At the end of the Cape Peninsula you have two main points of interest – the Cape of Good Hope and the Cape Point, a short distance from each other.

We first went to the Cape of Good Hope where we took some pictures with the sign (a must!) and made a short walk up the hill. The views were just amazing and we also saw a couple of rock badgers. While the landscape doesn’t say much to the kids, wildlife is always a big success with them. They also loved watching the big waves hit the cliffs.

Family trip to South Africa with kids

Our 4-year old at the Cape of Good Hope sign

 

Our last stop today was the Cape Point. You leave the car at the car park from where you can either walk up to the lighthouse or take the Flying Dutchman Funicular. We took the funicular up and walked down. All three children could do this walk without any problems. Great experience and wonderful views!

Cape Point at the Cape of Good Hope in South Africa

Cape Point

 

On the way back to Cape Town we took the scenic route – Chapman’s Peak Drive, for the most amazing views. It was even more spectacular because we were there at sunset.

Chapman's peak drive - one of the favourite places in South Africa

Chapman’s Peak Drive

 

DAY 3: Drakenstein Lion Park, Franschhoek and Stellenbosch wineries

We started our day with a visit to Drakenstein Lion Park near Cape Town. There are more than 30 lions in the park, but we hardly saw any as they all seemed to be either sleeping or too far away from the side.

It was a hot day and the children got tired and bored with nothing very spectacular to see. Just when we were about to leave, one of the people working at the park came up to us and said she could take us closer to a lion as she just saw one near the area where (in principle) only overnight guests could come. And indeed, a few minutes later we stood within a hand’s reach of an old lioness. We’ve never been this close to a lion so it was a very special experience, and not just for the children!

Close-up of a lioness in South Africa

Within a hand’s reach of a lion

 

After this short visit we continued to South Africa’s most famous wine region – Franschhoek and Stellenbosch.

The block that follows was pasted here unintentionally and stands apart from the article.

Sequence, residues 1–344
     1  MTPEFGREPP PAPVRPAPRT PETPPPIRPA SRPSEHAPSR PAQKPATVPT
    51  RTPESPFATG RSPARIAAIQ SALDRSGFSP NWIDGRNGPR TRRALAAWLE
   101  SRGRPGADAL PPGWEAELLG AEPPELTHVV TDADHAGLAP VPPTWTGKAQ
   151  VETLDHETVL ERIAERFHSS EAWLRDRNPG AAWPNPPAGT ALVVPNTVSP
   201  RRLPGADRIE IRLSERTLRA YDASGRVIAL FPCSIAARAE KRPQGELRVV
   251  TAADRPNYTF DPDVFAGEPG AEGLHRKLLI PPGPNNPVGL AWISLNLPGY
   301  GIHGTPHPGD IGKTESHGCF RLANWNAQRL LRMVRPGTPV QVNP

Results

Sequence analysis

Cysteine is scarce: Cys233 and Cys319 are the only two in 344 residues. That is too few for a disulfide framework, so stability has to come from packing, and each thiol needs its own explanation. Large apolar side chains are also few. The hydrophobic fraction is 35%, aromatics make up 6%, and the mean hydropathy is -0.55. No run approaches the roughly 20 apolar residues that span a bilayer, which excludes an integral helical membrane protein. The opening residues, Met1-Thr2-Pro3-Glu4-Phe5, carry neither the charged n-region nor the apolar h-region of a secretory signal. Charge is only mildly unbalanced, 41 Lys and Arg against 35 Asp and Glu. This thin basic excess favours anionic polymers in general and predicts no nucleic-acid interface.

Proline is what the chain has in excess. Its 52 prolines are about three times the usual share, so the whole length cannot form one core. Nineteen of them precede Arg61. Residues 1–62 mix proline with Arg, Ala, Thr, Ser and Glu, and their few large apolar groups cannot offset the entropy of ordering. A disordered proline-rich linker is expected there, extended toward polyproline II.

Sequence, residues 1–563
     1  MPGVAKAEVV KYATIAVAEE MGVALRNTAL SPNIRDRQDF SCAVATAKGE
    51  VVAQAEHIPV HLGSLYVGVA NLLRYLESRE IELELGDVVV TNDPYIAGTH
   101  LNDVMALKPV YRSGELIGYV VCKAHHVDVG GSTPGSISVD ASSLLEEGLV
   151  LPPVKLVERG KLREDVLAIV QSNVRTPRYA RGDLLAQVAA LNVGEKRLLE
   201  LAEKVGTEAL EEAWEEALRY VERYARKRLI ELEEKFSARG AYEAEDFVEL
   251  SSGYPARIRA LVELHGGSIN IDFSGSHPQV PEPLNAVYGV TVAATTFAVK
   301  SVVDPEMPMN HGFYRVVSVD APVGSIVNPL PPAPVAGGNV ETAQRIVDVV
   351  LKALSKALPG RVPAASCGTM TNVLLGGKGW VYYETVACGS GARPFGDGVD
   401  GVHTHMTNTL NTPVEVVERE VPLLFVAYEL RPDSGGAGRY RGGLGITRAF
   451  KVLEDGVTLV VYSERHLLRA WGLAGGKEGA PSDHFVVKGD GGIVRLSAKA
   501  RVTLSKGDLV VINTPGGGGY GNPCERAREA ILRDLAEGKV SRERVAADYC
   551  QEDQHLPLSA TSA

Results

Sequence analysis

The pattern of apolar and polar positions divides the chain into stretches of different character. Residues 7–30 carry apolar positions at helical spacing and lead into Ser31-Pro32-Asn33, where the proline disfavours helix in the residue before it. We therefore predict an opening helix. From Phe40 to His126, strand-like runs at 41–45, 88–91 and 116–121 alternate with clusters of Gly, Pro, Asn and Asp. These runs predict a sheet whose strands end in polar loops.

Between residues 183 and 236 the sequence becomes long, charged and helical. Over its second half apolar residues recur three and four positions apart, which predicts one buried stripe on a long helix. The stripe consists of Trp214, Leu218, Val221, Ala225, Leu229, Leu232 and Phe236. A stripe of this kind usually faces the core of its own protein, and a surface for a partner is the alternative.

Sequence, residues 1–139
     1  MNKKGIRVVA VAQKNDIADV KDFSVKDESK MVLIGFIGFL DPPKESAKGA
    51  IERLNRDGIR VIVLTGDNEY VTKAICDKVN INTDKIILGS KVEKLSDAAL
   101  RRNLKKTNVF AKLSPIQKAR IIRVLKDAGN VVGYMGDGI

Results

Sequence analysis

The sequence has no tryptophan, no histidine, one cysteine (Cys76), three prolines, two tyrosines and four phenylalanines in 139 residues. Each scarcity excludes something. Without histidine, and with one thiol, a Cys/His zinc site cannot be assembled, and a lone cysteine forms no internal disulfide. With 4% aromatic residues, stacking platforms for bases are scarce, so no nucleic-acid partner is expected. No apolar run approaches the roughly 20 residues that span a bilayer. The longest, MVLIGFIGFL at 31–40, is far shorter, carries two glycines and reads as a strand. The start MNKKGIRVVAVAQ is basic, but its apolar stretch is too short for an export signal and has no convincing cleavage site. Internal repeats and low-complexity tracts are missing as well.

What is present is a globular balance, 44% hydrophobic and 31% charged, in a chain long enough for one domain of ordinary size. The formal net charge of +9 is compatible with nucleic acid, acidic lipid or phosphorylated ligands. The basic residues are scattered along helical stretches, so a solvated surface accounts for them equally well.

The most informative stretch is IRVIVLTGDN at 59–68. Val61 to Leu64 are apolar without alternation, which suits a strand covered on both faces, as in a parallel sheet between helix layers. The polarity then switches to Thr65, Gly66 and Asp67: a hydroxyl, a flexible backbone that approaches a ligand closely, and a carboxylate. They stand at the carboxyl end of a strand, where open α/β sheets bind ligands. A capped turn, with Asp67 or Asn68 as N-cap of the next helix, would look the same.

We really liked the little village of Franschhoek and the surroundings. We also stopped at an old winery in the Stellenbosch area and bought some wine to take with us. We never made it to the town of Stellenbosch itself, somehow the part we saw didn’t look very inviting so we drove by.

Mountain landscape at South Africa's wine region between Stellenbosch and Franschhoek

South Africa’s wine region between Stellenbosch and Franschhoek

 

DAY 4: Cape Town to Knysna and Bontebok National Park

This was one of the two long driving days with more than 5 hours distance between Cape Town and Knysna. We stopped a couple of times as there is a lot to see on the way. We contemplated going all the way to Cape Agulhas, but it was such a long detour that at the end we decided against it – we have been there before, and for the kids the drive would be too long. Instead, we stopped at Bontebok National Park where we had picnic lunch, made a couple of short walks and saw some bontebok antelopes. We also stopped at Sir Lowry’s Pass and a few other places just to break the long ride.

Bontebok National Park near Swellendam, South Africa

Bontebok National Park

 

DAY 5: Knysna

We spent most of the day at the playground of our hotel and went to the centre of Knysna for dinner where kids could not resist to try some oysters. They were at that age when they ate everything – now they wouldn’t touch an oyster from afar.

Young child eating an oyster in Knysna, South Africa

Tasting an oyster in South Africa